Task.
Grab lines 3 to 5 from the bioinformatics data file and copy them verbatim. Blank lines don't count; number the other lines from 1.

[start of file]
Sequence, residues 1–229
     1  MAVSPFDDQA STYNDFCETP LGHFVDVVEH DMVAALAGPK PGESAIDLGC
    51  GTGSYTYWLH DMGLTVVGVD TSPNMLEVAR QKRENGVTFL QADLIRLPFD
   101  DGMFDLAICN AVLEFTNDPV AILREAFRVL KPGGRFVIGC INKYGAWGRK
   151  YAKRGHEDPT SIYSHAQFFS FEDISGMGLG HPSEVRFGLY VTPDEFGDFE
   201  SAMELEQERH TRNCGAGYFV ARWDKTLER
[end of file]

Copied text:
    51  GTGSYTYWLH DMGLTVVGVD TSPNMLEVAR QKRENGVTFL QADLIRLPFD
   101  DGMFDLAICN AVLEFTNDPV AILREAFRVL KPGGRFVIGC INKYGAWGRK
   151  YAKRGHEDPT SIYSHAQFFS FEDISGMGLG HPSEVRFGLY VTPDEFGDFE